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Juneau naturalist fuses science and art with Nikiski North Star students

Posted: September 30, 2012 - 6:23pm  |  Updated: October 4, 2012 - 12:46pm
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Reece Barndt studies a seed pod before drawing it last week in an art class taught at Nikiski North Star Elementary by visiting artist-in-residence Kathy Hocker.  M. Scott Moon
M. Scott Moon
Reece Barndt studies a seed pod before drawing it last week in an art class taught at Nikiski North Star Elementary by visiting artist-in-residence Kathy Hocker.

Jazper Coplen presses down heavily with his pencil when he draws.

The dark lines of lead on the fifth-grader’s paper were bold, but not easily erased, so the 10-year-old drew a large x over several false starts before settling on a sketch he liked.

Coplen, along with 21 other students in his class at Nikiski North Star Elementary, spent several class periods with the artist-in-residence Kathy Hocker, a naturalist and illustrator from Juneau.

Hocker began her second session Wednesday with the fifth-graders by introducing them to a table of unusual objects she had for them to practice drawing.

“They’ve done drawings of feathers, we start with feathers because it’s a simple shape, but it’s also got lots of interesting details,” Hocker said.

The students couldn’t stop asking questions as Hocker lifted everything from seed pods and feathers, to jaw bones and skulls from the table while she talked about using observational skills to make inferences about the origins of each object.

Coplen was fascinated by the jaw bones.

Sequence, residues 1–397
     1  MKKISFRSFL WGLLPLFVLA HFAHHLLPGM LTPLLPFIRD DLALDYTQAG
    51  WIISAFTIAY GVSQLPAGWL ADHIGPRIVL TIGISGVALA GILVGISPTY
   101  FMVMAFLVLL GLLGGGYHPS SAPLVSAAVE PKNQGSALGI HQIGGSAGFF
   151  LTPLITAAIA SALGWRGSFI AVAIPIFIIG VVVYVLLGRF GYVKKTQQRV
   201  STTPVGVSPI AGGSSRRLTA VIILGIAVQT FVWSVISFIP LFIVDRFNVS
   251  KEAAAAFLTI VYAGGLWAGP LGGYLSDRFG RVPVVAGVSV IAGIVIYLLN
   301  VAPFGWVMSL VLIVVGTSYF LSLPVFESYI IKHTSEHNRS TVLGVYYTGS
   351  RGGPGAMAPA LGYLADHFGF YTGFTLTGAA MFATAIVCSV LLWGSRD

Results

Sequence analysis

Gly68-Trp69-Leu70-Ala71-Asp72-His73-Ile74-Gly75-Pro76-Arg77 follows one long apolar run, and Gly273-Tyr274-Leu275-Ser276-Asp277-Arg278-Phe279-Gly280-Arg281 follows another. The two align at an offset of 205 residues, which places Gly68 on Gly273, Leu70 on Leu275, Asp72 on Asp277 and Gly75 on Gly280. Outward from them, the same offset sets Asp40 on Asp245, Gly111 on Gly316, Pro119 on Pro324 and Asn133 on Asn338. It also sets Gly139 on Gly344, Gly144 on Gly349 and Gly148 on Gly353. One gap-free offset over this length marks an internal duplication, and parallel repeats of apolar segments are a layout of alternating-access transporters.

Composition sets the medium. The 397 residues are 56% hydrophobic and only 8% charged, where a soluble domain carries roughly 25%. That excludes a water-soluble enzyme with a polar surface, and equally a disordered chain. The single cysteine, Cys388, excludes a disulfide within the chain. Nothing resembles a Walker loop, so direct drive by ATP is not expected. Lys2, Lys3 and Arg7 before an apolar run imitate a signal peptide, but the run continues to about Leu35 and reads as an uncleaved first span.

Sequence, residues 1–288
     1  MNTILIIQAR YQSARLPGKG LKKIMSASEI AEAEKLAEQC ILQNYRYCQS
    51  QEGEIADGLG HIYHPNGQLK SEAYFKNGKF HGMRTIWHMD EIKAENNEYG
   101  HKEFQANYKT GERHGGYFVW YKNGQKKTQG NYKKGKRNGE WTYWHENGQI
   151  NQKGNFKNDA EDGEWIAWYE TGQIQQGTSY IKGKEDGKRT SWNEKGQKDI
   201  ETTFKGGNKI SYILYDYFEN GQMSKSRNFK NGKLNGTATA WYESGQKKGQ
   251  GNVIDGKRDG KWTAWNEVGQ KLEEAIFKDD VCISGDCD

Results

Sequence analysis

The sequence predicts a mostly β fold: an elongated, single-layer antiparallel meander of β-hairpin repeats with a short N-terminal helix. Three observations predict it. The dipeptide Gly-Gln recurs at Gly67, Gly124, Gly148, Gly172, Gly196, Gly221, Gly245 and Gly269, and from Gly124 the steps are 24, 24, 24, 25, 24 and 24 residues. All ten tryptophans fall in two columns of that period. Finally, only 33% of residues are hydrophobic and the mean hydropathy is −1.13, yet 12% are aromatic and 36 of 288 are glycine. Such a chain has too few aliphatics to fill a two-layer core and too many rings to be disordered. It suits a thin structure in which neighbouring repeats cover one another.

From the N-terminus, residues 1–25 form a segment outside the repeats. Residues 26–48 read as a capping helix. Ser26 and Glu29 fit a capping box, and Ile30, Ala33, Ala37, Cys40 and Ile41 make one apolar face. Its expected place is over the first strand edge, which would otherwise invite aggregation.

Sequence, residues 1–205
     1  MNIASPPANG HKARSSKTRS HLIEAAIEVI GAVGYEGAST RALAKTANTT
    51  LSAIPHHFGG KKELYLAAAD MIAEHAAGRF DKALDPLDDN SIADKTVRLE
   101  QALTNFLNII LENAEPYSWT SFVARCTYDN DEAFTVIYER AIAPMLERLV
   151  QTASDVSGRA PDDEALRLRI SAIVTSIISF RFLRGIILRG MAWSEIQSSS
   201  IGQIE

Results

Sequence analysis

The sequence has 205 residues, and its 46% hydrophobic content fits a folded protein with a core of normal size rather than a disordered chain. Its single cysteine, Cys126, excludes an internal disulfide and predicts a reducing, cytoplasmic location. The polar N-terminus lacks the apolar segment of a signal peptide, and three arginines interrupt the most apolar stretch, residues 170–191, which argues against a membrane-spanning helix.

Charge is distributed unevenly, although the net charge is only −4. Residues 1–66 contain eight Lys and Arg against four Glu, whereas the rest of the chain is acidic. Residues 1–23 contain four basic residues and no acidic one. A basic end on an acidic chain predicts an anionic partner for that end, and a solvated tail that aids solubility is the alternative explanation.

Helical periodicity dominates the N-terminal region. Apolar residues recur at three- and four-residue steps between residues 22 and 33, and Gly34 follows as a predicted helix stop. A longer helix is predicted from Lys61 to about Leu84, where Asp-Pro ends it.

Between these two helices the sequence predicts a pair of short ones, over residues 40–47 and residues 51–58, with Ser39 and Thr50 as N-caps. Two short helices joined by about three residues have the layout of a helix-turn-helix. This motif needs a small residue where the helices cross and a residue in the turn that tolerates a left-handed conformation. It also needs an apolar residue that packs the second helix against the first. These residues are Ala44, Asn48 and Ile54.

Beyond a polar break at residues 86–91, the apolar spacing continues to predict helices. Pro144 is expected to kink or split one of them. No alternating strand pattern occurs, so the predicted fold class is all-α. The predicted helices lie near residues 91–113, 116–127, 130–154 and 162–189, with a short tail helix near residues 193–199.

“What animal did those come from?” he asked as Hocker patiently explained again that each student should write those questions down in their notebooks.

He persisted, “What is that?”

Finally, when it came time for students to pick and objects they wanted to draw, Coplen settled for taking the skull he’d been pointing too and carrying it carefully back to his table.

Most of the bones disappeared first.

Reese Barndt had a different idea, though, and the 10-year-old headed straight for the seed pods.

“It feels like wood and it feels hard,” she said after she spent several minutes carefully replicating dark jagged lines along the base of the seed. “I wanted to see what it came from and it looked like a flower that was opening and I thought that was pretty cool. I’m glad no one took it.”

As she spoke, Barndt gently rubbed her fingers along the base of the large seed pod.

“It’s a fantastic seed that came from a photograph tree in Hawaii,” she said. “I asked (Hocker) where it came from.”

Coplen was pretty sure he ended up with a cat’s skull.

“You can tell because of how small this structure is,” he said, pointing to the top of the skull.

He pointed to each aspect of the skull and each line he carefully labeled in his sketch pad.

“The ear hole is right here and then here’s some cracks that might have happened when it was alive,” he said. “I started out with the basic eye and this bone going down through the nose. Then I kind of drew this little gripping thing that gets thinner over here ... This is the start of its spine. Right underneath his chin would be his voicebox.”

Hocker spent two weeks at the school, working with kindergarten through sixth grade classes, trying to integrate the science of observation with the art of drawing.

“I’m learning to adapt what I do to the younger grades,” Hocker said. “With the kindergartners, for example, we really focus just on the drawing and looking more than anything else. We do a lot of talking about what (they) see.”